Raymond said Sephora has drawn younger, more diverse shoppers to stores, but also been popular with Kohl’s longtime customers.
In the next few years, Kohl’s plans to open smaller versions of the shops in the rest of its stores. And it’s looking for ways to get those new customers it’s reeled in to browse and buy merchandise from other parts of the store, said Nick Jones, the company’s new chief merchandising and digital officer. He joined Kohl’s earlier this year, after working for British retailers, including Marks & Spencer and ASDA/Walmart UK.
Leaning into impulse buys
As shoppers rush around during the peak shopping season, Kohl’s wants to tempt them to grab one — or ideally, two or three — more things.
Kohl’s has made more room in the cash register area for impulse items and stocking stuffers, such as candies, small toys and stuffed animals. It also has a dedicated display of grab-and-go beauty items from Sephora, such as face masks or lipsticks.
It’s also sprinkled gift ideas throughout its stores, such as aisles where customers may spot a Barbie dream house for their child or a high-tech toaster oven for their sister-in-law.
Jones said Kohl’s wants to simplify the season for busy families. That means not onlyhaving a wide variety of merchandise, but also guiding them toward good deals with signs that advertise discounts and displays that include creative gift ideas, such as a colorful sweater, children’s books or a collection of hot sauces.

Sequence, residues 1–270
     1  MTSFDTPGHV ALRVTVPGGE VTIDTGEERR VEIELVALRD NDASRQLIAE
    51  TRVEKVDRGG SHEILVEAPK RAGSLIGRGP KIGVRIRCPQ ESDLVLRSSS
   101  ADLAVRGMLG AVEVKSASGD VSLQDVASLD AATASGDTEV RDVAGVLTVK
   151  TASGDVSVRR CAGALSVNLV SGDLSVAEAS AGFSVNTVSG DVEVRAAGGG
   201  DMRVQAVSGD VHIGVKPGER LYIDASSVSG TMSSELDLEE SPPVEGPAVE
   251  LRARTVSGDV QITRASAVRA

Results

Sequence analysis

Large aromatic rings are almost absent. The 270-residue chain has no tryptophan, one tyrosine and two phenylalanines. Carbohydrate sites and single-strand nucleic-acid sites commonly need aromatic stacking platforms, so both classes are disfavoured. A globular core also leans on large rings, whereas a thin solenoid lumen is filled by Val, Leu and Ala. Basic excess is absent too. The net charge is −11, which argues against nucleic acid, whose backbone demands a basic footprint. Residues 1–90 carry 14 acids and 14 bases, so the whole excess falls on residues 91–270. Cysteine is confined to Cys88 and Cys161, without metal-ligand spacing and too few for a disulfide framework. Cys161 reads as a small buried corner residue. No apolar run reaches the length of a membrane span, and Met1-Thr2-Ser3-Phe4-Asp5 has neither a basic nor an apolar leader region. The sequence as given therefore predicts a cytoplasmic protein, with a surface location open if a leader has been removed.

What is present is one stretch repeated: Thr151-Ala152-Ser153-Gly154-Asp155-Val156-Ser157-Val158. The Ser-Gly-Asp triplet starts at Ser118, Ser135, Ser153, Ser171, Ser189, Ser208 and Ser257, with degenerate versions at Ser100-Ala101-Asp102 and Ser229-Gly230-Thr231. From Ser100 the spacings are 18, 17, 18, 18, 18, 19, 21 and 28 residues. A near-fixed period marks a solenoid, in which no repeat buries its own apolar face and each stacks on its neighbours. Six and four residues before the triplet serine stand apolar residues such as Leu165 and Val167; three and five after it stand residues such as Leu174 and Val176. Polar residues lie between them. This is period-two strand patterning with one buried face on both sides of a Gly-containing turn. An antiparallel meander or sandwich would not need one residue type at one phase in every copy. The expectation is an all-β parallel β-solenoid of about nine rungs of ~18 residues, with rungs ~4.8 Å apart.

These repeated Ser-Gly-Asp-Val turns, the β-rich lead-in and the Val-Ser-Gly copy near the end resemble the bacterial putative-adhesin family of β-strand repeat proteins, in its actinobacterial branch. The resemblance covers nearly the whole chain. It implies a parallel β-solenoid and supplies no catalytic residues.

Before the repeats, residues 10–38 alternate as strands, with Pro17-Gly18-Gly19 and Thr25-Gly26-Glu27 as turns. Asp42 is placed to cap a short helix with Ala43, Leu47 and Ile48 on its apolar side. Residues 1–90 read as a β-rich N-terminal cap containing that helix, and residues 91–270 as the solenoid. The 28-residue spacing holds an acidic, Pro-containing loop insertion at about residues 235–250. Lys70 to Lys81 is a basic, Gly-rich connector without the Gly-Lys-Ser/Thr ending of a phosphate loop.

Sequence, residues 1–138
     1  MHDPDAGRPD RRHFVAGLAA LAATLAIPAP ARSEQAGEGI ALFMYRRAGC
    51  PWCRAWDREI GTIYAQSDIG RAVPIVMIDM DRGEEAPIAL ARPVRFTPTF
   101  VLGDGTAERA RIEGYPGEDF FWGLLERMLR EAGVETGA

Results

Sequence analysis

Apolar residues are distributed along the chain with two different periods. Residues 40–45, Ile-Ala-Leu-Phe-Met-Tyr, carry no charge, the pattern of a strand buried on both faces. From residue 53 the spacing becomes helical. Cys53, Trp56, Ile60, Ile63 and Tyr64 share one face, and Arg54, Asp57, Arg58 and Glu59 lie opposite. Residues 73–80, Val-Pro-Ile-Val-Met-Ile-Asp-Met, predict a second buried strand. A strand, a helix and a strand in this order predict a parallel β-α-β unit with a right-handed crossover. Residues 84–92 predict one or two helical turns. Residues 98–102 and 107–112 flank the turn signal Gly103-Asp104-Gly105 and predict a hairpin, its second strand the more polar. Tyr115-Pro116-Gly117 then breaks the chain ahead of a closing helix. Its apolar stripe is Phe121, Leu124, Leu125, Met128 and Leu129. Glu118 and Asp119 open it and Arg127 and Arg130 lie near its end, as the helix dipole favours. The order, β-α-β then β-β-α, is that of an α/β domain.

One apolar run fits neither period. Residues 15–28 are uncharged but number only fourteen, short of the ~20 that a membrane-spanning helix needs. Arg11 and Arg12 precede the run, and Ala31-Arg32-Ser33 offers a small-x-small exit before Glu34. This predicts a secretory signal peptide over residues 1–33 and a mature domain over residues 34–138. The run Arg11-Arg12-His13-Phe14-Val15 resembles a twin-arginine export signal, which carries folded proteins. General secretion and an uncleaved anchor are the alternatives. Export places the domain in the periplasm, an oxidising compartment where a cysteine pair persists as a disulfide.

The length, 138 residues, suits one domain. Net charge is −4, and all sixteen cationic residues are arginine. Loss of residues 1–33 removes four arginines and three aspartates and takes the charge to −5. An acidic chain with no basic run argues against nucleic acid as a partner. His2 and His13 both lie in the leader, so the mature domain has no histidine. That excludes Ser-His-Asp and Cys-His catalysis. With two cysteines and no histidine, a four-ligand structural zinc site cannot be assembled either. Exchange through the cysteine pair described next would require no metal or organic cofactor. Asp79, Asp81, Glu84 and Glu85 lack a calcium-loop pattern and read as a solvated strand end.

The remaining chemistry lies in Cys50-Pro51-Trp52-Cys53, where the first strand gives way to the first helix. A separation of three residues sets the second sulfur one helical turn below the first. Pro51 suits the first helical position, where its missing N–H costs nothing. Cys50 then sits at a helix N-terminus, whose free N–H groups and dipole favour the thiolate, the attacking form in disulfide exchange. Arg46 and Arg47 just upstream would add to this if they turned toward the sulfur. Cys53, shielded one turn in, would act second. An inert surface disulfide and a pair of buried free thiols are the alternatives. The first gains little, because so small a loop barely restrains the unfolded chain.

It also cleared away space in the front of stores by taking out some cash registers, so that customers see trend-driven or seasonal items when they walk in.
A haul for the home
Home goods may have been a hot pandemic category, but Kohl’s is betting it’s a big business opportunity now.
During the holiday season, shoppers may notice an expanded mix of items that could spruce up their homes, or help as they host friends or look for something to go under the Christmas tree. For example, stores are carrying more glassware and items for party hosts, such as copper mugs, champagne flutes and cocktail shakers.
Kohl’s already sold bedding, small appliances, picture frames and more. Yet on the company’s earnings call in August, Kingsbury spoke about home goods as one of the company’s biggest growth areas,saying it’s working with new vendors and adding lighting, wall art and more.
The demise of bankrupt Bed Bath & Beyond has created room for retailers, including Kohl’s, to grab more market share in the space. The economic backdrop could be a factor, too.
As some Americans decide against moving because of high interest rates, they may want to buy decorations to freshen up their current homes, Jones said.
And something for Fido, too
Add Kohl’s to the list of retailers trying to cash in on the pandemic pet boom.
The retailer is dedicating more square footage to dog beds, cat towers and some pet items that get replenished more frequently, such as treats and shampoo.
Kohl’s decided to expand across the chain after a successful test at 50 stores last fall, Kingsbury said on the earnings call in August. The company wouldn’t quantify the number of stores with more pet merchandise, but Jones said the Ramsey store, which reflects its holiday look, has twice the amount of items in the category that it did a year ago.
Other retailers have also zeroed in on the category, which has historically been more resilient during recessions and economic downturns. Lowe’sPetco Health & Wellnessthe opening of its first pet health center with vet care.